For autoimmune connective tissue diseases, treatment is aimed at helping to control inflammation and reduce symptoms. Autoimmune connective tissue diseases are commonly treated with:
- Nonsteroidal anti-inflammatory drugs (NSAIDs): These drugs can help relieve pain and inflammation.
- Corticosteroids: These medications help stop the immune system from attacking your cells and prevent inflammation.
- Disease-modifying anti-rheumatic drugs (DMARDs): Options like antimalarial drugs and methotrexate can be used to suppress the underlying overactive immune response to help manage symptoms and prevent worsening of the disease.
- Immunosuppressants: These medications also work to suppress an overactive immune system and manage symptoms.
- Calcium channel blockers: These medications help relax the muscles in the walls of blood vessels.
- Pulmonary hypertension medications: These medications open the blood vessels in the lungs affected by autoimmune inflammation, allowing blood to flow more easily.
Work with your doctor to develop the right treatment plan based on your diagnosis and needs.
A number of health complications are thought to be related to various connective tissue diseases. For example:
- Autoimmune diseases and their treatments often come with an increased risk of infections, and infections can worsen certain autoimmune conditions.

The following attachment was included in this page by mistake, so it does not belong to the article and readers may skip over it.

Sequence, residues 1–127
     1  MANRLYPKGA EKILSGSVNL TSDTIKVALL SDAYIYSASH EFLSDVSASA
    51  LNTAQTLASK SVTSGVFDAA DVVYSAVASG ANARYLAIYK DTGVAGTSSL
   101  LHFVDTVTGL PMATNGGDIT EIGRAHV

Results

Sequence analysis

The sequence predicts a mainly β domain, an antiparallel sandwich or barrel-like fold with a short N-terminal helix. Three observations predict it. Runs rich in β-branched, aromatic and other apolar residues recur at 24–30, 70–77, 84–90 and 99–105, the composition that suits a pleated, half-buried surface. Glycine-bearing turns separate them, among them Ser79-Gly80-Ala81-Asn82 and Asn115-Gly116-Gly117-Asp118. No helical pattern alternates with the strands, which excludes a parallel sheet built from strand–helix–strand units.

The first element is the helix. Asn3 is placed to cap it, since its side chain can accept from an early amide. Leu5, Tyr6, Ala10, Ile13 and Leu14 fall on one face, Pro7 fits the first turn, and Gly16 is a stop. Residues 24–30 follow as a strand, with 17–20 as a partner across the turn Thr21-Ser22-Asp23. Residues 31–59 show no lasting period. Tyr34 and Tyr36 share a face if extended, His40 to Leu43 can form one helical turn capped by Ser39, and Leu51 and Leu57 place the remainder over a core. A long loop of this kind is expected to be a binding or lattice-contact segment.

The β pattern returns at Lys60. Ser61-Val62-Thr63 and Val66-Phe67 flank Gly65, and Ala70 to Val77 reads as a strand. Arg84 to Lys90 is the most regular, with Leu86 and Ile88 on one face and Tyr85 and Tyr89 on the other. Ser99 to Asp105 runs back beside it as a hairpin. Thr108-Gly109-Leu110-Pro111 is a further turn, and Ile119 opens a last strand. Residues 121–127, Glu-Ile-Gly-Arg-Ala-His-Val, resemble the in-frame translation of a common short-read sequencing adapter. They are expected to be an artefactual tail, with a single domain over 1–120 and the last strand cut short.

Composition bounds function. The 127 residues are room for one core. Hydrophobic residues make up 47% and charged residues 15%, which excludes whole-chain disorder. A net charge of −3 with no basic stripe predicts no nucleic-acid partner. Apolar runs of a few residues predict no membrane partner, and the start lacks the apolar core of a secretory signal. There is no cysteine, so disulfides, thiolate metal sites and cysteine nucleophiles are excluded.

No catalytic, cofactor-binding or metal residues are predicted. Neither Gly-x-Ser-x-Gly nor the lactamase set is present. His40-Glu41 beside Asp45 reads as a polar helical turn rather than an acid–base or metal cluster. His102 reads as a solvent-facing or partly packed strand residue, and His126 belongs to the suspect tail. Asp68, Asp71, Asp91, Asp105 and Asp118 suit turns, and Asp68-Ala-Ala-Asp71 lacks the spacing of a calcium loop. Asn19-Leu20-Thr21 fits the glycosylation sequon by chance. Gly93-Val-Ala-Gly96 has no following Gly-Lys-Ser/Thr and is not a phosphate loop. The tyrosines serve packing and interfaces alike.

- Marfan syndrome can lead to a burst or ruptured aortic aneurysm.
- Osteogenesis imperfecta can lead to difficulty breathing due to spine and rib cage problems.
- Lupus can lead to fluid accumulation around the heart, which can be fatal. People with lupus may also have seizures due to vasculitis or lupus inflammation.
Kidney failure is a common complication of both lupus and scleroderma. Both these disorders and other autoimmune connective tissue diseases can also lead to complications with the lungs. This can lead to:
- shortness of breath
- difficulty breathing
- extreme fatigue
In severe cases, the pulmonary complications of a connective tissue disease can be fatal.
There is a wide variability in the outlook for people living with connective tissue disease.
Though treatments are available, connective tissue diseases often worsen over time.
However, some people with mild forms of Ehlers-Danlos syndrome or Marfan syndrome may not need treatment and live long lives. And thanks to newer treatments for autoimmune diseases, many people can achieve minimal disease activity.